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New offences of Stalking come into effect

From Sunday 25 November 2012, two new offences have come into existence in England and Wales relating to stalking. There is also a new power of entry and search for the summary stalking offence.

The offences are introduced into the Protection from Harassment Act 1997 by s.111 of the Protection of Freedoms Act 2012.

Section 2A of the Protection from Harassment Act 1997 (‘the Act’) creates the offence of Stalking (a summary only offence), while s.4A creates the offence of “Stalking involving fear of violence or serious alarm or distress”, triable either way. The new offences do not criminalise behaviour that was previously lawful, but are targeted at the particular type of harassment that also constitutes stalking.

What Constitutes Stalking?

The new offence of stalking is a sub-class of the existing offence of harassment. Under s.2A a person is guilty of an offence if they pursue a course of conduct in breach of s.1(1) , and where that course of conduct amounts to stalking.

Section 1(1) – and the offence of harassment under s.2 – is committed when a person pursues a course of conduct which amounts to harassment of another, and which he knows or ought to know amounts to harassment. “Harassment” is not defined, but includes alarming the person or causing the person distress. There are three particular defences:

  • conduct pursued for the purpose of preventing or detecting crime,
  • conduct pursued under any enactment or rule of law or to comply with any condition or requirement imposed by any person under any enactment, or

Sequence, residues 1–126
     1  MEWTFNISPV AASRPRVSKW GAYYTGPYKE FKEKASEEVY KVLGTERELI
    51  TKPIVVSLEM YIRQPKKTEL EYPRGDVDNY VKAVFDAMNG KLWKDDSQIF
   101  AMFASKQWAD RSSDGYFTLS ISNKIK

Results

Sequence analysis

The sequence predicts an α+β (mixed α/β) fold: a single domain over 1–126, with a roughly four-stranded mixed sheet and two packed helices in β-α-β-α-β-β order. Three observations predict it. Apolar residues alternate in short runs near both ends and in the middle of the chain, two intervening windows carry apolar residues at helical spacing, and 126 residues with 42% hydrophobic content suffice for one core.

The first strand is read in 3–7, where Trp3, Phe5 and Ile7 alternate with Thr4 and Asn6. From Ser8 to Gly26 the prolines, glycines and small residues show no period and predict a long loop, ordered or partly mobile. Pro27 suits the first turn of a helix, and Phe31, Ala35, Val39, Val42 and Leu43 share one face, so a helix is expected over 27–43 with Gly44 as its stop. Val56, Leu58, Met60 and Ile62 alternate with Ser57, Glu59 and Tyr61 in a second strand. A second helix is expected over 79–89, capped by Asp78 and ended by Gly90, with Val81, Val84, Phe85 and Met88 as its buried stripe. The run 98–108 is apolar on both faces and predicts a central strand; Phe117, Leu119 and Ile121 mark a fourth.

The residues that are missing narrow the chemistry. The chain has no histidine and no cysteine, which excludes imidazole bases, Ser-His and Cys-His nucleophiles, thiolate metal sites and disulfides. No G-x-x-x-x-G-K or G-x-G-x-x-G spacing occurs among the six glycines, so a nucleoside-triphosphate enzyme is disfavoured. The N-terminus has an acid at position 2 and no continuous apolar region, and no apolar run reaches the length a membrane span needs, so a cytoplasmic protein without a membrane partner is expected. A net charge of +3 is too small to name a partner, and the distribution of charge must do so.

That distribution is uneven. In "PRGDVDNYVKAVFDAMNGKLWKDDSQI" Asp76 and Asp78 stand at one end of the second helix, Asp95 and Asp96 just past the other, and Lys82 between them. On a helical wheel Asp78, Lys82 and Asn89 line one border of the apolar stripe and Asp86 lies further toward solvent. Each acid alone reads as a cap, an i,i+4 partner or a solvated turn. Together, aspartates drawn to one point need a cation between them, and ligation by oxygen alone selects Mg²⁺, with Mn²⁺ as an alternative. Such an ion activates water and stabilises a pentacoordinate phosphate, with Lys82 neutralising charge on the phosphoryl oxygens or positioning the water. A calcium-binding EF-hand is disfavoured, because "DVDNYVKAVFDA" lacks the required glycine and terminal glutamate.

• where in the particular circumstances the pursuit of the course of conduct was reasonable.

Under s.2A, an offence of harassment constitutes stalking if it amounts to harassment, the acts or omissions involved are ones associated with stalking, and the defendant/suspect knows or ought to know that the course of conduct amounts to harassment of the other person.

What are the extra acts that turn mere harassment into stalking? As with harassment, the new offence does not have a specific definition. In s.2A(3) examples are given of acts that “in particular circumstances, are ones associated with stalking”. These statutory examples, albeit not exhaustive, are very wide. They are :

  • following a person,
  • contacting, or attempting to contact, a person by any means,
  • publishing any statement or other material— (1) relating or purporting to relate to a person; or (2) purporting to originate from a person,
  • monitoring the use by a person of the internet, email or any other form of electronic communication,
  • loitering in any place (whether public or private),
  • interfering with any property in the possession of a person
  • watching or spying on a person.

However, it must be emphasised that harassment that includes one or more of the above features is not automaticallystalking. The course of conduct must still fit the generally received interpretation of the word. Equally, despite how broad the statutory examples are, conduct might constitute stalking, even though it did not include actions in any of the above categories.

Section 2A Stalking

The above explanation includes all the ingredients of the s.2A offence. As it is a pre-requisite for the offence of stalking that the course of conduct is also harassment, the statutory defences to harassment in s.1, as set out above, will also constitute defences to stalking.